#434 - How Do You Manage A "Fat-Finger" Trade?

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Nov 30, 20184m
#434 - How Do You Manage A "Fat-Finger" Trade?
Nov 30 '184m
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Hey everyone. This is Kirk here again from Option Alpha and welcome back to the daily call. Today, we’re going to be talking about how to manage a fat finger trade. What is a fat finger trade? A fat finger trade is basically this idea that you just mistype something on a keyboard or your finger just kind of slipped or you hit two zeros instead of having one zero and so, you ended up trading 100 contracts and wanted to trade 10 contracts or you just incorrectly typed the ticker symbol or miscalculated something, any combination of that, but you basically just entered a trade you did not mean to enter. Now, look. I've done this all the time and in fact, the reason I’m doing this podcast is because I just did this like literally about a week ago where I exited a trade that I should not have exited, but I just didn't catch it. I didn't think through the process. I thought I was looking at one thing. I meant to look at something else and I executed a closing trade on something that we had literally just entered the day before. It caused a lot of confusion, obviously, a lot of emails, but again, it proves that one, I’m human in doing this for real in my real account and then two, it can happen to anybody. I’ve been doing this now over 10 years and this is still something that happens to me on occasion. Though not as often, but it's a good reminder that it does happen. But the idea behind fat finger trades is again, that it was a trade that you did not need to make.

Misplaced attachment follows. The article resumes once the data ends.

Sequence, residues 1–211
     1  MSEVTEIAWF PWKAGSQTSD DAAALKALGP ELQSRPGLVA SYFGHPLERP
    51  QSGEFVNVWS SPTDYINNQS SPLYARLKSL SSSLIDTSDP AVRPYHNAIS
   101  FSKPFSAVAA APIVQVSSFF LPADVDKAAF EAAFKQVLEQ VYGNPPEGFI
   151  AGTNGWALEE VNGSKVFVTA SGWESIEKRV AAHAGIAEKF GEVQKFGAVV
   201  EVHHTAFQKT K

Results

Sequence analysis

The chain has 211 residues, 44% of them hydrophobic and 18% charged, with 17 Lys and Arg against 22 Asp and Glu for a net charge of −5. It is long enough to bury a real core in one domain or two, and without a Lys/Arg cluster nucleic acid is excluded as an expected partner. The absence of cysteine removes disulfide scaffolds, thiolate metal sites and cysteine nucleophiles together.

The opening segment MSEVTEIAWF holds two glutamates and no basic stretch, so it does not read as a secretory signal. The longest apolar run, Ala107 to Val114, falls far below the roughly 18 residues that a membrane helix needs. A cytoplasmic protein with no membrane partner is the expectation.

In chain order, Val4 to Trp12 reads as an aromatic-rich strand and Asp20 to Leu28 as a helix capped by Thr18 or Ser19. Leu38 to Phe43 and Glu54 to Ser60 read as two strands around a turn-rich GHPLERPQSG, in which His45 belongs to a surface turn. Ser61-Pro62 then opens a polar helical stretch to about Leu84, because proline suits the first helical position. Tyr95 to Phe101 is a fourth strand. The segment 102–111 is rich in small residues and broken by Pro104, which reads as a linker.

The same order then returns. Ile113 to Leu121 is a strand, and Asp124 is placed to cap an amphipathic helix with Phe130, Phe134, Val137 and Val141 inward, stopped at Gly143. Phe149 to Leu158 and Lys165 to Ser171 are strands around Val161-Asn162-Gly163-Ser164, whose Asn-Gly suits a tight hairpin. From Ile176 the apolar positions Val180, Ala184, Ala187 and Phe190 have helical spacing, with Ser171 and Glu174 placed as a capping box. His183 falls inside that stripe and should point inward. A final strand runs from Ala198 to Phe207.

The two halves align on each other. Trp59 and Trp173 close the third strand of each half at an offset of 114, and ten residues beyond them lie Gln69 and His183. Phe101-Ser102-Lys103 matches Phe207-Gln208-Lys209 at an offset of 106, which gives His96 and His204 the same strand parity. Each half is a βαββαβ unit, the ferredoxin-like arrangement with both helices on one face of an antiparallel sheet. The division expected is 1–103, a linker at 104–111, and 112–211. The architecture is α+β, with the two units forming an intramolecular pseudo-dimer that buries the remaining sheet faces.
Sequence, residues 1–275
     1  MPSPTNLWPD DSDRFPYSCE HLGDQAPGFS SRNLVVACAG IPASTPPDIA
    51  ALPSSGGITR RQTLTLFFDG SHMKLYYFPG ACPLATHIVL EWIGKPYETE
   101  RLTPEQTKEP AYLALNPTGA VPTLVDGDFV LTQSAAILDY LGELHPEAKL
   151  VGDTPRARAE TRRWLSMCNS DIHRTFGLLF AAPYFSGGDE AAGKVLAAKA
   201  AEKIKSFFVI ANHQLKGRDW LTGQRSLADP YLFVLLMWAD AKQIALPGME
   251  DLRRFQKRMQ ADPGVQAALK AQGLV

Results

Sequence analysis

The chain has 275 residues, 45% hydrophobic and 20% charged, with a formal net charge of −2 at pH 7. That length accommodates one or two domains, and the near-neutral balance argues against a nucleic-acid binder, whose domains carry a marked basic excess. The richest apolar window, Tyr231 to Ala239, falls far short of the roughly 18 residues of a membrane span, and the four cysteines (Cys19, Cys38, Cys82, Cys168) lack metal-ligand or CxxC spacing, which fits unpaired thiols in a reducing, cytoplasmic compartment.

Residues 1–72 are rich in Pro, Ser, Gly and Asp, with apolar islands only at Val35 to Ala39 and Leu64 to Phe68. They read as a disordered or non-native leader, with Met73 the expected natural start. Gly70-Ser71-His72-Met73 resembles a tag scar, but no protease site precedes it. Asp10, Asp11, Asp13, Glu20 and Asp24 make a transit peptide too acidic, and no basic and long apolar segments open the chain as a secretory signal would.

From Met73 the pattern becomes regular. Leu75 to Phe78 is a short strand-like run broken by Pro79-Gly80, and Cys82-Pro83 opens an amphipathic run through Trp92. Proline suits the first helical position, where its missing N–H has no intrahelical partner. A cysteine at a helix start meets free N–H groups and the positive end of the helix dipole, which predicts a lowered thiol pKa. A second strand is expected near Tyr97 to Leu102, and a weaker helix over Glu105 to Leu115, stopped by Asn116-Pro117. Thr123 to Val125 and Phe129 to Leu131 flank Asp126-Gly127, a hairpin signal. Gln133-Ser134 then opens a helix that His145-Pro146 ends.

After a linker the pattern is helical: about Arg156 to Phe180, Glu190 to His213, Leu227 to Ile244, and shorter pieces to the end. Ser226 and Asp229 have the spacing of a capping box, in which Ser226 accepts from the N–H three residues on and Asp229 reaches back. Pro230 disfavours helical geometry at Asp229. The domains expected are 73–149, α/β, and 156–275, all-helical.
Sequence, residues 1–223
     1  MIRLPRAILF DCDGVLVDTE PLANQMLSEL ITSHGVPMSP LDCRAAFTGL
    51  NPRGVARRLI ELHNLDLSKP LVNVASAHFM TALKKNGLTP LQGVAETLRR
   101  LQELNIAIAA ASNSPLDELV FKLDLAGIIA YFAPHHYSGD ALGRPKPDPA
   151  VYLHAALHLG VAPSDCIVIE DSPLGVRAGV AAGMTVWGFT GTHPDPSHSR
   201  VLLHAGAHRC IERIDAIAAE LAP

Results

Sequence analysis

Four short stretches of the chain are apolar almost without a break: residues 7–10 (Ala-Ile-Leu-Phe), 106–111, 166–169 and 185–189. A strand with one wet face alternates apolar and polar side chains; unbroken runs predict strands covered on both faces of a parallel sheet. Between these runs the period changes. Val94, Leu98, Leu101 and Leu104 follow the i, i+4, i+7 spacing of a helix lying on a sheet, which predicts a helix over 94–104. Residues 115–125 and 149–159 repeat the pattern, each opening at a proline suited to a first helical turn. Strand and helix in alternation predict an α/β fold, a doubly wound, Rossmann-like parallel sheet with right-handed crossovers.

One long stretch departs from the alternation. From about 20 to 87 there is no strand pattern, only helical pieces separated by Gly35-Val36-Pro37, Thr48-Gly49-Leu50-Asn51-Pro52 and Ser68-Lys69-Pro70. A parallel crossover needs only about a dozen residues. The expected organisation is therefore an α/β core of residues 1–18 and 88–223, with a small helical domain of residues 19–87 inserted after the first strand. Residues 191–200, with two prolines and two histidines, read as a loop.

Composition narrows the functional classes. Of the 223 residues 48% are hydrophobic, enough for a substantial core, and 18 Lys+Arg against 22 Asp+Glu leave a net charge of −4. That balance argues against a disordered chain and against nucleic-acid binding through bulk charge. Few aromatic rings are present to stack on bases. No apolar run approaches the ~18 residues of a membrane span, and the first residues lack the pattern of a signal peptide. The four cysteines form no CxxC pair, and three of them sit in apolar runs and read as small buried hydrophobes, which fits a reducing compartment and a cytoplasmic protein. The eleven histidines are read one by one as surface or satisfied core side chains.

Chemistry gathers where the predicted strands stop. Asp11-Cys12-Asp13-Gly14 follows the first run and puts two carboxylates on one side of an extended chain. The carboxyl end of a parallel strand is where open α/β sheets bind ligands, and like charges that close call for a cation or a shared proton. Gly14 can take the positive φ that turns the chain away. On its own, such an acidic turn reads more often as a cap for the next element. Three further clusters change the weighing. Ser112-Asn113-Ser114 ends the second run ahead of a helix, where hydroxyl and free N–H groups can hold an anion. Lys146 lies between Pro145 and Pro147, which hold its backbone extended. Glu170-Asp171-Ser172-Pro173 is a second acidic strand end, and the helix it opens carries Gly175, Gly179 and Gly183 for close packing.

What do you do or how do you manage them if you made the trade? Well, number one, if it’s a closing trade, it's pretty easy because you just close it and if it's an early close of a position, if it was profitable, most of the time, you just let it go. In this case, the fat finger trade that we made was a closing position. We closed it for a whopping $4 profit. That was great because it closed literally the next day. We just let the position go. We didn't try to rush or reenter it. If it's an opening trade that you made and maybe you made a trade in the wrong contract month or you did the wrong number of contracts, the best thing you can do, honestly, is just quickly reverse the trade and that means even if it cost you a couple of pennies in pricing or it cost you a little bit in commissions, the idea is that if you didn't want to be in the position to begin with, then just get right back out of the position and I've done this before myself too where I've made a trade and I just literally typed in the wrong ticker symbol, one extra wrong letter, built the whole trade, etcetera, but it was on the completely wrong stock that I was trying to target and I just reversed the trades very quickly. Sometimes I take a $20 or a $30 haircut because I take basically the next available pricing, get the trade off. I didn’t want to be in that trade to begin with, so I want to remove the risk and the exposure and it’s just a cost of doing business. We try to minimize these always in trading and this is part of the human error element to trading which I think is interesting, but again, if you have a fat finger trade or you just do something wrong, just quickly reverse it. Catch your breath, walk away for 10 minutes, whatever you need to do and then come back and just reanalyze things and go from there. Hopefully this helps out. As always, if you have any questions, let me know and until next time, happy trading.

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